All about MSMEs in Cuba: Permits Are Not Rights, That Company Isn’t Yours
Castroism is striving to dress up its permits to create MSMEs as if they were rights, the aim being to veil their most important characteristic: their temporality.
In some cases, a long-exercised prerogative that has been permitted is perceived as a right, and may even serve as the basis for a new, previously unrecognized one, through evolutionary institutional change. Other times, the prolonged absence of rights leads to them being pled for, and given thanks for, as if they were something permitted; that is, as if they were something external to the subject, and only enjoyed thanks to a third party’s good will and disposition.
One way to distinguish a right from something for which permission is granted is to analyze its origin: it is a right if, and only if, it is an entitlement that corresponds to every human being, if it is inherent to the person. On the other hand, if it is a prerogative that one exercises temporarily, thanks to some external authority over which one has no influence —except through violence— we are dealing with a form of permission.
Rights arise with the person, they are their intrinsic, and only force can prevent their expression; permission, on the other hand, depends on the will of an external authority, which may or may not be legitimate, insofar as its auctoritas proceeds from the voluntary acceptance of the governed, or violent imposition.
Today’s enormously complex modern societies use democracy so that individuals, voluntarily and consensually, modulate their own rights in favor of others, with the understanding that one’s fellow citizens will do the same, all under an independent justice system charged with harmonizing the divergent interests of each individual within society.
Without democracy and independent justice, there is no right to have rights. Under these conditions, the rights of individuals are subsumed under the authority, backed by force, of a group or person in power, who will grant only that level of permission that it deems expedient to maintain control, and not one bit more, and sometimes far less, because tyranny is not an exact science.
In Cuba there is no democracy or independent justice, so talking about rights is absurd, unless it is to demand them. For the moment, all there is in Cuba is an authority sustained through repression, indoctrination and constituted interests, which grants different forms of permission, depending upon its own needs and agenda, which can always be withdrawn if they cease to serve the perpetuation of the status quo.
It is from this perspective that the current permits granted to create MSMEs, and for emigrants to be able to return and invest, should be viewed. They should not be confused with earned or new rights.
Of course, Castroism is striving to dress up its permits as if they were rights, so that their most important feature goes not noticed: their temporality. Permission, being conceded by an external authority to individuals, and not controlled by the latter, can be wrested away as easily as it is granted.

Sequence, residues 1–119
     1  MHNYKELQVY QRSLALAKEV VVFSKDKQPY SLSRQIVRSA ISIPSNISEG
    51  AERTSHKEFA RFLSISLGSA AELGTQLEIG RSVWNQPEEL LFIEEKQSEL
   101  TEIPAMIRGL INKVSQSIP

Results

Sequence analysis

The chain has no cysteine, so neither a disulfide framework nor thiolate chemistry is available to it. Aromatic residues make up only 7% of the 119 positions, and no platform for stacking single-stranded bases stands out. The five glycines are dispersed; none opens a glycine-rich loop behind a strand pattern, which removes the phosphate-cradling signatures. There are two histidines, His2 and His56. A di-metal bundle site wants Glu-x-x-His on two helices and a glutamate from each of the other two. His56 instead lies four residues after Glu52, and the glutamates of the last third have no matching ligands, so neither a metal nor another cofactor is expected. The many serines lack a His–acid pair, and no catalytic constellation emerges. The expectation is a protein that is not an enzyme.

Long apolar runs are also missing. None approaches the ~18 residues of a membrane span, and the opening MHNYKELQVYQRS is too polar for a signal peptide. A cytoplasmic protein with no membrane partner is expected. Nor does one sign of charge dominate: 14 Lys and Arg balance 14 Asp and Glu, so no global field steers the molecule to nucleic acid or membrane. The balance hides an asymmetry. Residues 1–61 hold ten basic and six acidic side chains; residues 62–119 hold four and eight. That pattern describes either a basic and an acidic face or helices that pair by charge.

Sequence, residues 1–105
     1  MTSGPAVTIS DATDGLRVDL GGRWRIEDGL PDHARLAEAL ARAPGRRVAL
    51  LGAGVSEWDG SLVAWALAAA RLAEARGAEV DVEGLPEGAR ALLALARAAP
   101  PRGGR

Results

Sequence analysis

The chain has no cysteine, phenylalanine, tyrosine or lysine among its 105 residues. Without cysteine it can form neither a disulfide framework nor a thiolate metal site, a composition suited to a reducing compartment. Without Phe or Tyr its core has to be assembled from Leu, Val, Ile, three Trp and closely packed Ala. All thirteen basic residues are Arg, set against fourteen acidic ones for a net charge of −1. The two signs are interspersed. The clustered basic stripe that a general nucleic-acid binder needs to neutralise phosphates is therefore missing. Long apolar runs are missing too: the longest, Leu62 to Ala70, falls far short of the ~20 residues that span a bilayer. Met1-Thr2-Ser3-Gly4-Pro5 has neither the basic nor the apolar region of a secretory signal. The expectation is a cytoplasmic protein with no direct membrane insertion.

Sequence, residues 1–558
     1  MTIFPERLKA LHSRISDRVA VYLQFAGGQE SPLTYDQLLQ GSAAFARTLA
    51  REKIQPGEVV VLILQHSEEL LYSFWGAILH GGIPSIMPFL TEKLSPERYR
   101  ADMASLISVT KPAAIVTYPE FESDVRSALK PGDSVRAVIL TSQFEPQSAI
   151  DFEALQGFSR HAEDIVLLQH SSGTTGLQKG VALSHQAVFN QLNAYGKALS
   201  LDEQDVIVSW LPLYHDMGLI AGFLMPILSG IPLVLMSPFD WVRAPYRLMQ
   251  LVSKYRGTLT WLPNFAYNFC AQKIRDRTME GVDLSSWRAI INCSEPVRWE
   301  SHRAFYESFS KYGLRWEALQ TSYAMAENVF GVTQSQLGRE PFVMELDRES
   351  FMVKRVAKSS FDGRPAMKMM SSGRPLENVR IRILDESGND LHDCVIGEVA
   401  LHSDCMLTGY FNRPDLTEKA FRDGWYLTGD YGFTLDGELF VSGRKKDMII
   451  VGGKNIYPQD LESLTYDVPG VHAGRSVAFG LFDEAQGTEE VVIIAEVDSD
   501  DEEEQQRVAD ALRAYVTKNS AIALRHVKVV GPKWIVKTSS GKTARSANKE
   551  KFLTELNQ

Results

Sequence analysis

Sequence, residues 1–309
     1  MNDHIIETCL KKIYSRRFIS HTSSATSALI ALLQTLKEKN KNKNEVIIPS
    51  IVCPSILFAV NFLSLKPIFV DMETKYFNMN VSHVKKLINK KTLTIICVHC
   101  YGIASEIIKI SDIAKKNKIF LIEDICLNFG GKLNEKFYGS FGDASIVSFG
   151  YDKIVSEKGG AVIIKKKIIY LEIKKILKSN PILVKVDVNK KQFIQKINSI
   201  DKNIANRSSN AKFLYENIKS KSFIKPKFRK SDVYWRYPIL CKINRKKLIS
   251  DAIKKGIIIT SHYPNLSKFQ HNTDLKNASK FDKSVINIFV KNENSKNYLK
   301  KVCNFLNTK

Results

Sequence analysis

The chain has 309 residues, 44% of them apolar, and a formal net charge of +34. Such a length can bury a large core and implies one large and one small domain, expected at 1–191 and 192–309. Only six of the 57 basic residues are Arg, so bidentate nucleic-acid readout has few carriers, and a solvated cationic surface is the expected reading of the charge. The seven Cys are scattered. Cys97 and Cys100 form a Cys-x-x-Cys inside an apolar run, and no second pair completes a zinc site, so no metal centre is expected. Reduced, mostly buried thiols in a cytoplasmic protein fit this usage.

For businesspeople and investors, the temporariness inherent to permission constitutes a threat, since it is impossible to know when it will be rescinded by a decision that, with total impunity, the authority in power may take, unilaterally. Thus, it is very difficult to calculate the profitability of a given project, especially if it is a long-term one requiring a large initial investment that it takes time to amortize.
Under permits, rather than rights, businesspeople only undertake those projects that they estimate will provide them with quick returns covering their initial investments, and these projects are usually associated with activities very close to consumption within production chains, which concentrates investments in sectors featuring low capitalization, and dependent on imports, thus sowing the poisoned seed of an unbalanced economy.
And, under these conditions, entrepreneurs tend to cling to those in power, in search of security and to find out in advance which way the winds are blowing. Thus, where there is permission, and no rights, corruption spreads.
So, although Castroism would have people believe that its MSMEs permits are rights, in order to generate certainty about the future, and in the hope that many will believe that there are now property rights and business freedom in Cuba, it has not done the only thing that would make a real difference in this regard: take concrete steps towards a democratic society with room for everyone, protected by a justice system that can be trusted to safeguard all individual rights. Has anyone seen any changes in that direction?